The trade paper reported Walter Parkes and Laurie MacDonald will produce for DreamWorks. Director Tim Burton was attached to a film version for the musical tale of the so-called "Demon Barber of Fleet Street," but the pic fell through.
Now that the movie musical, "Chicago," has won the Best Picture Academy Award, the climate seems right for film musicals again, leading producers and directors to explore all kinds of dormant and new titles.
Talk in the community has playwright-screenwriter John Logan (Hauptmann, Never the Sinner and the films "Gladiator," "RKO 281" and "Any Given Sunday") prepping a "Sweeney Todd" screenplay.
Casting is being discussed. One name bandied about in Hollywood (and by fans) for the title role is Hugh Jackman, the Australian musical theatre actor (London's Oklahoma! and Broadway's The Boy From Oz) and action-film star ("X-Men"). Jackman would seem to be an appropriate crossover actor for a role that requires a star to sing and slash the throats of unsuspecting victims.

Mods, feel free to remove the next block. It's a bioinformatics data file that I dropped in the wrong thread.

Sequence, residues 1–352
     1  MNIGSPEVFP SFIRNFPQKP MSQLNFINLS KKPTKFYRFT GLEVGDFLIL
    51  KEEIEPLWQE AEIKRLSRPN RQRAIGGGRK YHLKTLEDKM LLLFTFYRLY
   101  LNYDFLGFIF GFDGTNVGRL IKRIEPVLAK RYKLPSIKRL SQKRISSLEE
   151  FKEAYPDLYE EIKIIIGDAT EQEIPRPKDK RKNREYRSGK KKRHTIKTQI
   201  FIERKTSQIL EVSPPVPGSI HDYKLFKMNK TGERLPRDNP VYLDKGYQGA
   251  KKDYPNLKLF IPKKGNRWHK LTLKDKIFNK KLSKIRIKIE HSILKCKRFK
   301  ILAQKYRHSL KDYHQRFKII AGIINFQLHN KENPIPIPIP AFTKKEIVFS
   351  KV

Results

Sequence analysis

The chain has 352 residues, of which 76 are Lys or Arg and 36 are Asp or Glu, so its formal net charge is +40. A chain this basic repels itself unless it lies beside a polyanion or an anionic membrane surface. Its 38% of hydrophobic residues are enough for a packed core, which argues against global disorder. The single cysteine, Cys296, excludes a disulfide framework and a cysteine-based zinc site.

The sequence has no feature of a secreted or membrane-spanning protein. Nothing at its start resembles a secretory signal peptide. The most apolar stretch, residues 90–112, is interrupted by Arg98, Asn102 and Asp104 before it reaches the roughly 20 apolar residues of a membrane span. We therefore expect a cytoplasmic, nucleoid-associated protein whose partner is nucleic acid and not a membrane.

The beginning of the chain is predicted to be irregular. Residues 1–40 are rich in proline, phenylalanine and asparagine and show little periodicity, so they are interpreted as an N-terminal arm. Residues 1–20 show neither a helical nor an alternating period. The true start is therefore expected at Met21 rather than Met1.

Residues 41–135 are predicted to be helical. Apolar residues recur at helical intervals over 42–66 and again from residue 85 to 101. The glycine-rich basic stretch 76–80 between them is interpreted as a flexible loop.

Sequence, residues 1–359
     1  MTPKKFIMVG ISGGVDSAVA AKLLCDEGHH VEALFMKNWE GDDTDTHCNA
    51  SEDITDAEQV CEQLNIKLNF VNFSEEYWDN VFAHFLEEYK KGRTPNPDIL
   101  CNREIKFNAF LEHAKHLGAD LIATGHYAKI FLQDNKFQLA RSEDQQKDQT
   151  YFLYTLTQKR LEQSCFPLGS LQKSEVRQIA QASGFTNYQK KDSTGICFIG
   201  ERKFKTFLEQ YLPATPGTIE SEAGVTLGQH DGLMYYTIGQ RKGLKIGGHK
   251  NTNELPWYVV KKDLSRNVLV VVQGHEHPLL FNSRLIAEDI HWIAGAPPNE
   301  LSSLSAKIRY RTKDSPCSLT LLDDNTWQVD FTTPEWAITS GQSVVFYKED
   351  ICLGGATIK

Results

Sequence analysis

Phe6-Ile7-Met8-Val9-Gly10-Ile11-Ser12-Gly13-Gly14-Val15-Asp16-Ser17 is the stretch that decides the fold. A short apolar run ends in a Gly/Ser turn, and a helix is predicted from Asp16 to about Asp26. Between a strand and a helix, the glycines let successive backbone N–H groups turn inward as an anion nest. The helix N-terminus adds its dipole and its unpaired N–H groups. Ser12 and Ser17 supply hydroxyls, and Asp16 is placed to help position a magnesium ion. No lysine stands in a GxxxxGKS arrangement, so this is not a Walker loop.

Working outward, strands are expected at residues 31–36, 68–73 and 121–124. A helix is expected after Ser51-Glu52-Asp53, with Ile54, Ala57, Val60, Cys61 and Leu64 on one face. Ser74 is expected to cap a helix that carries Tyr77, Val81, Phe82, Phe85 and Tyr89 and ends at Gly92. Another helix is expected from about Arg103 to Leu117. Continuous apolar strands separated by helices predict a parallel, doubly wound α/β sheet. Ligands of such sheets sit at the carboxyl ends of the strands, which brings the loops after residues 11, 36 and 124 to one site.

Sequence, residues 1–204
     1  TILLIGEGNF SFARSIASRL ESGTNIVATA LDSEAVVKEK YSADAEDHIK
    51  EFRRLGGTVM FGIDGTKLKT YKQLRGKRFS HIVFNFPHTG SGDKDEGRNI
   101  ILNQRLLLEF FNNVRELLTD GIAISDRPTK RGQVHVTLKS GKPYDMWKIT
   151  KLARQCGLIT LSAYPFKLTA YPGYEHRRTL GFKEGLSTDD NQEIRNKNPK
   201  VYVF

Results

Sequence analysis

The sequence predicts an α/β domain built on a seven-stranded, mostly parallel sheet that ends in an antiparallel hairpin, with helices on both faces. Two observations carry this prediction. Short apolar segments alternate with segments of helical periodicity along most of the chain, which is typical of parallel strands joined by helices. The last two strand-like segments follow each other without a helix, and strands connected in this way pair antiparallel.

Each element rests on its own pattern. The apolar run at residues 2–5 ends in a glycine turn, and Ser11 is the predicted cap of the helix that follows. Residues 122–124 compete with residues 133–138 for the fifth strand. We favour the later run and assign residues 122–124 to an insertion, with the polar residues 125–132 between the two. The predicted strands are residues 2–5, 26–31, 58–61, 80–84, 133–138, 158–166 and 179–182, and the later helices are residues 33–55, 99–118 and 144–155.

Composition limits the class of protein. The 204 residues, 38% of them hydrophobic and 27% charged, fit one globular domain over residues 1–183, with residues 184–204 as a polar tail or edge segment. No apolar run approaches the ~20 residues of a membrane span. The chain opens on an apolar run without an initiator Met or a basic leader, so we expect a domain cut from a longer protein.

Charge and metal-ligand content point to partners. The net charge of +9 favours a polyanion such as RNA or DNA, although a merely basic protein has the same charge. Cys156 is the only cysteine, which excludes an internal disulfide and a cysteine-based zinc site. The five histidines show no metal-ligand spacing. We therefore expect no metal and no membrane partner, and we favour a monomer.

Variety reported that Mendes wants to direct the movie and that "early talks" are underway toward the Mendes DreamWorks partnership. The stage musical bowed on Broadway March 1979 and starred Len Cariou and Angela Lansbury in the roles of the vengeful Sweeney and the venal Mrs. Lovett, his neighbor and partner in crime.
The 19th-century-London-set show was inspired by the Christopher Bond play based on the gothic London legend. Harold Prince directed, Hugh Wheeler penned the book and Sondheim wrote music and lyrics. Standout songs include "Pretty Women," "By the Sea," "Not While I'm Around," "A Little Priest," "Wait," "Green Finch and Linnet Bird," "Johanna," "The Worst Pies in London."
The show earned 1979 Tony Awards for Best Musical, Best Actress and Best Actor, Best Director, Best Book, Best Score, Best Set Designer and Best Costume Designer.